13 July 2012


When I embarked officially on our home educating journey in September 2009, I tried some structured learning time. Over the course of a month I managed this about twice and then gave up. It was not working for either of us. I didn't have a plan B and I had not, at that time, heard of autonomous learning or unschooling. So I carried on as we were. Reading books together, doing stuff together and, just as importantly, independently but in the same room too.

I would be lying if I was at all doubtful that putting all learning in the hands of a child would lead to results. I hung onto the fact that up until now learning had been happening, he had crawled, was now walking, had signed and was now talking. Part of me was doubting but it was a small part and the doubt did not last long.

My role soon became clear to be there for support, to answer questions, to read to him, to take him out and explore the world beyond our house, to provide an environment within which he felt secure and safe so that learning could happen. And happen it does.

He learnt some of the letters through asking about them in books, signs, anything with words, from this reading developed, and he now reads books independently. I would not be able to explain the exact process of development and neither have I any desire too. Some folks I speak too are baffled that it could just happen. We are too ingrained that it must be taught.

He learnt to count to ten at an early age, but his interest in numbers beyond that has only developed more recently. He can now read numbers in the thousands and knows that there are numbers beyond that but has not mastered them yet. He can add up and take away. Again we have not taught this, merely engaged in his interest and answered his questioning to the best of his understanding.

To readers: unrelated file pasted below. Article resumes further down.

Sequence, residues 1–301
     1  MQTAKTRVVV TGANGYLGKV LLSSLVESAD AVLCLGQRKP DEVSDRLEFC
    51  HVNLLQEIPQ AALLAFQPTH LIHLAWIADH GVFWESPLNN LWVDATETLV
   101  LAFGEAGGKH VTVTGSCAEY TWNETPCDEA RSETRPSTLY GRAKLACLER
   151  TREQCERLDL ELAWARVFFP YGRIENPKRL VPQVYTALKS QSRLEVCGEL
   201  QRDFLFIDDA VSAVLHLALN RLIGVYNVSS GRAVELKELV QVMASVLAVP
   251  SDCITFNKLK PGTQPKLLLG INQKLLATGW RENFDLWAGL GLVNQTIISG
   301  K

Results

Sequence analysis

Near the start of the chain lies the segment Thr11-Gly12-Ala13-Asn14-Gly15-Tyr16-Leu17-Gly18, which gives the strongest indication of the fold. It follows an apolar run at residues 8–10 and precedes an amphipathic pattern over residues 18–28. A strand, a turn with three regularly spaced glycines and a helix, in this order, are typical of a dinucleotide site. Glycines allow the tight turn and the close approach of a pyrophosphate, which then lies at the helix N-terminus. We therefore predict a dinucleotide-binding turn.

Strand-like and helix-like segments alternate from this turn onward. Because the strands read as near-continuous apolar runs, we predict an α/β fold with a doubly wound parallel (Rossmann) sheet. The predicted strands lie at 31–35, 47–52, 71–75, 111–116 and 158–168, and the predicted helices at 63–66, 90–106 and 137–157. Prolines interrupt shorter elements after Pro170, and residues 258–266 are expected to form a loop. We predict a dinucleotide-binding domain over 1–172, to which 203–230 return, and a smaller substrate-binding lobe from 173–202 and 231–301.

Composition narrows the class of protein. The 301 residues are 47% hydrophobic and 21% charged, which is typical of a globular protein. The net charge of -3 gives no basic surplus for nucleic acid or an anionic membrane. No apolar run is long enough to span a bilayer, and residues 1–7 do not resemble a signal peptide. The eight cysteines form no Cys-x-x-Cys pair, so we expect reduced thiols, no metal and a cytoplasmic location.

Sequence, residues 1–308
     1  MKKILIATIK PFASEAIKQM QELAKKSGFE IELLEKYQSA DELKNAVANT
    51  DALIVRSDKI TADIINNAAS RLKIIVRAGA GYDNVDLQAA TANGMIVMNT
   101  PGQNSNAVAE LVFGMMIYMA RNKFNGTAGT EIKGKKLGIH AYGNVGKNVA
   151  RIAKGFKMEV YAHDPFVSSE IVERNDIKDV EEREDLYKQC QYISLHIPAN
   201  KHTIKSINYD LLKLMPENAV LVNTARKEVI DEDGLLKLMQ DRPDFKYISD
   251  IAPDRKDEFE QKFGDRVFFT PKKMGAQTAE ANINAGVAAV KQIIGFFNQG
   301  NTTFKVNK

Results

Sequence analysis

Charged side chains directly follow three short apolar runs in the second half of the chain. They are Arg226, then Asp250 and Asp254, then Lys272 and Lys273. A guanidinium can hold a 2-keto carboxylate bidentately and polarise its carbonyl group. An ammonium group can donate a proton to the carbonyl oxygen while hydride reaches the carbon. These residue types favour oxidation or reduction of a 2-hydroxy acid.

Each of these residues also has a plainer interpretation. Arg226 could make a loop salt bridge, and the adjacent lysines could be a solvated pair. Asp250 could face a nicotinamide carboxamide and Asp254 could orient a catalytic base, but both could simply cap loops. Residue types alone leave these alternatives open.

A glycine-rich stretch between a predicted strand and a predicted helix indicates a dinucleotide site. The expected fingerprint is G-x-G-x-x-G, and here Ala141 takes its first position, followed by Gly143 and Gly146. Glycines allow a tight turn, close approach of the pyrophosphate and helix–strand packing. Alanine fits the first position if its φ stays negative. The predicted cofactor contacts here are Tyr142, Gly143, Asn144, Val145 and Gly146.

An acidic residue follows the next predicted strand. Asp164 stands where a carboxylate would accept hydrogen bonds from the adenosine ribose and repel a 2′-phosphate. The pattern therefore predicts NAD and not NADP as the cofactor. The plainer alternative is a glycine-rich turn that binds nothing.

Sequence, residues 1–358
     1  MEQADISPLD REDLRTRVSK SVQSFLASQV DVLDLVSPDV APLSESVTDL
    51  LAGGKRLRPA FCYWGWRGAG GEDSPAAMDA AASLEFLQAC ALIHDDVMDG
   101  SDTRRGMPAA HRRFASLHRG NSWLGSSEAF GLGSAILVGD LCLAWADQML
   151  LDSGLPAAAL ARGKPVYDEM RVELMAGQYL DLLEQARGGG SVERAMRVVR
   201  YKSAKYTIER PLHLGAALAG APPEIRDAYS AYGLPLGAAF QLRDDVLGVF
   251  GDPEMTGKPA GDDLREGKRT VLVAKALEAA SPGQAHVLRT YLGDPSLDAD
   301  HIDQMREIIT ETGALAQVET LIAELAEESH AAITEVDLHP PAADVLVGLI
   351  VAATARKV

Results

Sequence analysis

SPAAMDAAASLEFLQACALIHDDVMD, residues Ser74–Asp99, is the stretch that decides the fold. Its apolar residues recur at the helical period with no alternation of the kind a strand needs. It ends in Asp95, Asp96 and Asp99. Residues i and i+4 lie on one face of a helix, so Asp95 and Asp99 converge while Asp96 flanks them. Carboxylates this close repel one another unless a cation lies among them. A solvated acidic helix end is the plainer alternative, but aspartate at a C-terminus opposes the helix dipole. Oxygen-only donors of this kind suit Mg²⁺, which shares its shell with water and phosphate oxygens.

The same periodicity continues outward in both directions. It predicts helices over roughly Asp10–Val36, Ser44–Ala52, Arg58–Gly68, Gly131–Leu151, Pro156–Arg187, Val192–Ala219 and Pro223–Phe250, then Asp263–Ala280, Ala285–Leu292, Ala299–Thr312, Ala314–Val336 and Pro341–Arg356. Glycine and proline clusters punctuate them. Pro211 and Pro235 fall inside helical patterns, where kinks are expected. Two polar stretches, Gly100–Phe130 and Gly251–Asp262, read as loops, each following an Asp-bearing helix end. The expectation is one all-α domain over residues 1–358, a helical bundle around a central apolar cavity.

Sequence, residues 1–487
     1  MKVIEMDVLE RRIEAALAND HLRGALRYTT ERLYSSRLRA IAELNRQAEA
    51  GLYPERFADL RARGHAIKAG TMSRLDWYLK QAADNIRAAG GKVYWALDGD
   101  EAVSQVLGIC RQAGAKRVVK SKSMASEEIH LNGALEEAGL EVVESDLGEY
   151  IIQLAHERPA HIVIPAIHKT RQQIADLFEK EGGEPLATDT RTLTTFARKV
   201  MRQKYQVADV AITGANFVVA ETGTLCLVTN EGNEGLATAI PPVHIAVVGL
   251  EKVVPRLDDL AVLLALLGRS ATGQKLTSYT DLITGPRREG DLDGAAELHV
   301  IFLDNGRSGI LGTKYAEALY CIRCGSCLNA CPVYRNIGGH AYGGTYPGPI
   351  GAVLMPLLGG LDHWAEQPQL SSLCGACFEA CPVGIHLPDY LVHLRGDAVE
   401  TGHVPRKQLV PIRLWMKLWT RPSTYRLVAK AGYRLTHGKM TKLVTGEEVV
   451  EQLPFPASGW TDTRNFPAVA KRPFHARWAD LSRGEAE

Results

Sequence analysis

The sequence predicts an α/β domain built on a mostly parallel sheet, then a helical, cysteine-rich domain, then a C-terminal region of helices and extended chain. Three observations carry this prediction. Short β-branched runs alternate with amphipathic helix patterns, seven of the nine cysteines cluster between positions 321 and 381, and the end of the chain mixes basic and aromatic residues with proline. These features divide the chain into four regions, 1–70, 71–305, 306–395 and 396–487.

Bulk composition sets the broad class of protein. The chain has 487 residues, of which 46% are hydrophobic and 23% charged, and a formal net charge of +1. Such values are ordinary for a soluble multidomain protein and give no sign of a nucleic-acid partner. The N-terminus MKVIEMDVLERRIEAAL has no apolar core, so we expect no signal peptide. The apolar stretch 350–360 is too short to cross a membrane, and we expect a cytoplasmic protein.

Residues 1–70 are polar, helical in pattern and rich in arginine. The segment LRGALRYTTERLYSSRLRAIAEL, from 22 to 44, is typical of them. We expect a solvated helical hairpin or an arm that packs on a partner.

We have explored many subjects or topics and I love how they can develop. We found a book on Castles in a charity shop which sparked a long period of investigation into castles. He read and we read together many books on castles, knights and life generally during that period in history. We looked up castles in our area and visited many. Drawing after drawing of castles and battles were drawn. At the moment we are investigating World War Two, this came about after a discussion with his Grandma about rationing during and after the war.

I have mentioned already the drawings. Not a day goes by without a drawing of some sorted started, completed or added to. Around the age of five he had virtually given up on drawing. He felt that his drawings were no good and they kept going wrong. I racked my brains for ways to support him, to build his confidence. For Christmas that year my husband made him a big blackboard which is mounted on the wall in the dining room at his height. He also got some chalk and he was off. For the next year the blackboard was covered in elaborate drawings. It was easier to rub out and correct than pencil and paper. The blackboard gets used less by him these days. We have bought him a set of good pencils and paper is his preferred surface.

I have had two affirmations this week that we made the right decision to home education and do so in the route we have chosen. He has read a complete story book on his own through the course of a day. One evening this week after settling my youngest to sleep, I came downstairs to find him and my husband adding up very long numbers, I think they had got to about eight digits, after each sum he would ask for another until he announced he had had enough and was off to bed!

I am so grateful that our situation has enabled us to home educate. I am aware that for some this is the path that they would like to follow but are unable to or choose not to for their own reasons. I have never regretted our decision for a moment and look forward to many more weeks like the one I have just had.

No comments:

Post a Comment

Hello......would love to hear from you :)